THE Election Commission of Pakistan’s ban on fresh recruitments and on the diversion of development funds comes against a background of concerns voiced by many people who say such practices by the government amount to pre-poll manipulation. There is little doubt the federal and provincial governments are motivated by political considerations when they resort to “mass recruitments” to follow what is being seen as a “jobs for votes” policy. This recruitment spree has pitfalls, the gravest being the appointment of people who do not have the necessary qualification for the job. However, the ECP exempts appointees who go through the federal and provincial public service commissions. Banning all other appointments raises some questions, because this would have a bearing on the state’s obligations towards its citizens — providing employment being one of them. For instance, the inauguration of a dam or hospital cannot be put on hold in the pre-election period — one that may remain unspecified — simply because this would cast the ruling party or coalition in a positive light. In matters of recruitment, too, the planned expansion of a given department or autonomous corporation may occur in the pre-election period, and for that reason recruitment cannot be deferred. A distinction can be made in some cases; for instance, had the decision to regularise the services of 100,000 lady health workers — a laudable, much-needed move no doubt — come earlier , it could have dispelled impressions that the move was linked to elections.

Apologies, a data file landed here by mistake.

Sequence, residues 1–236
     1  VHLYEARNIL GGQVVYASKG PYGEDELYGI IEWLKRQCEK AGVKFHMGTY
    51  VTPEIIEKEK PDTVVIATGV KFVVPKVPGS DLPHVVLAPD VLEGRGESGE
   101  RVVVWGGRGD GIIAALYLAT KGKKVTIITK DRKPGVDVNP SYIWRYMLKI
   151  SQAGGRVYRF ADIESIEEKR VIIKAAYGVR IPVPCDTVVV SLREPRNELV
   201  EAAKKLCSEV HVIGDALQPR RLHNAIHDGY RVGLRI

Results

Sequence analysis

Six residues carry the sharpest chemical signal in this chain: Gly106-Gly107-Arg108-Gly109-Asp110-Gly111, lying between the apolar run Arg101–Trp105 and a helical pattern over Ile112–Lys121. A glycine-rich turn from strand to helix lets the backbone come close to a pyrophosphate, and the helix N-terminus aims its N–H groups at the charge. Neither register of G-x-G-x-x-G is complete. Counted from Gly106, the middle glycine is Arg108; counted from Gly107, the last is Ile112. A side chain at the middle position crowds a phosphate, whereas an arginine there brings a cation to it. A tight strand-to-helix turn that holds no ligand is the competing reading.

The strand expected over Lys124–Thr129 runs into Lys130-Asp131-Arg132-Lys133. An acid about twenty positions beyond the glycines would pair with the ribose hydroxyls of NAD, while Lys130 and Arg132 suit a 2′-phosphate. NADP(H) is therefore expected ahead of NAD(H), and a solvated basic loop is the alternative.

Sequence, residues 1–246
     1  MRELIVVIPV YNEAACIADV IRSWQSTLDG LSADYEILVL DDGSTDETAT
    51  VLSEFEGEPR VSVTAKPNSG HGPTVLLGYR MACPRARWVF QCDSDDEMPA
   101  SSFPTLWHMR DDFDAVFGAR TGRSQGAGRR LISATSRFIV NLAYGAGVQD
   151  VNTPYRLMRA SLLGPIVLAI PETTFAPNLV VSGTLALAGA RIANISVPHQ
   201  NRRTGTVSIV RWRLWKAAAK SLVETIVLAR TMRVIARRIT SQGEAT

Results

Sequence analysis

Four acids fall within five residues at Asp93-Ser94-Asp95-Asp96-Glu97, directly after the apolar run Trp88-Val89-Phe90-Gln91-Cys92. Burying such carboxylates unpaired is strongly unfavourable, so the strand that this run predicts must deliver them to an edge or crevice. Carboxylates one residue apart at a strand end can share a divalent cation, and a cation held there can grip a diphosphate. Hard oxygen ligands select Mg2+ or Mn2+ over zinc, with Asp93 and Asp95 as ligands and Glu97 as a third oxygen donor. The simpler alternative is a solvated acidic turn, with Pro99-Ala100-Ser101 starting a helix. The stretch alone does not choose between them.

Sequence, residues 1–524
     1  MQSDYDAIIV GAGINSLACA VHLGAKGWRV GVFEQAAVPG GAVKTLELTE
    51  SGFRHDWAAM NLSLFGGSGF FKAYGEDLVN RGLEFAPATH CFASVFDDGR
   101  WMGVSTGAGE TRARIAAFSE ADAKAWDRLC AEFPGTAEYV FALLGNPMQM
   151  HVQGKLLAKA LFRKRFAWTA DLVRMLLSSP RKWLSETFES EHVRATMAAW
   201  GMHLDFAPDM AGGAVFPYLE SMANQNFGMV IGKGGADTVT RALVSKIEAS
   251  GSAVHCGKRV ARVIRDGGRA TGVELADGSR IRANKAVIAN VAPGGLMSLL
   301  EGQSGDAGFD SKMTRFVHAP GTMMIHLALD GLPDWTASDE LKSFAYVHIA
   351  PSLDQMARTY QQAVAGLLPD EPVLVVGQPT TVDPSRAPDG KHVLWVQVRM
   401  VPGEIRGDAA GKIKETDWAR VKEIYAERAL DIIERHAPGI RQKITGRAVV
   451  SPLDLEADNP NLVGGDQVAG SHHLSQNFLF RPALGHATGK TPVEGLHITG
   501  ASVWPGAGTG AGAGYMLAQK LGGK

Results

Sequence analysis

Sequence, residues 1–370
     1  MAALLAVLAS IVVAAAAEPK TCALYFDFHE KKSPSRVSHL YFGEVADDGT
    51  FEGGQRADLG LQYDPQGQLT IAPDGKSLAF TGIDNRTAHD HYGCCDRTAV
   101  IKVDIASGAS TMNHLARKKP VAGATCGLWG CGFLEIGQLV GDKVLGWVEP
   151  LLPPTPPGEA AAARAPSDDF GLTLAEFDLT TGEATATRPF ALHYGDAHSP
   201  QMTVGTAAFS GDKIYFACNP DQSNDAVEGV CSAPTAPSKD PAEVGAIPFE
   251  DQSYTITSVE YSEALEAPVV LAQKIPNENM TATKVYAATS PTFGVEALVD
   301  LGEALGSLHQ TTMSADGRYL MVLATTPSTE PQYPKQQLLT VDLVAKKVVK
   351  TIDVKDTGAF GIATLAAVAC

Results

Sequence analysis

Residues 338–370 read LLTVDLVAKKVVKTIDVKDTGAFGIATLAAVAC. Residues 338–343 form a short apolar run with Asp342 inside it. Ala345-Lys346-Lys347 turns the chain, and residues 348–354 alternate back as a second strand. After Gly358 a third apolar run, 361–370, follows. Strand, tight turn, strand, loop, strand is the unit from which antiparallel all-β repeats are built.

As for the other complaint, there is absolutely no justification for diverting the money for development projects to the prime minister’s discretionary funds with a view to using the largess for obliging people in his constituency in return for votes. Development money being given to parliamentarians is itself a debatable practice. As experience shows, not all lawmakers use them for genuine purposes and many misuse funds. Monday’s ECP statement doesn’t specify cases where such diversions have taken place. It merely speaks of the “concern being voiced by people”. The federal government should take notice of the ECP’s warning because it specifically speaks of the prime minister’s constituency.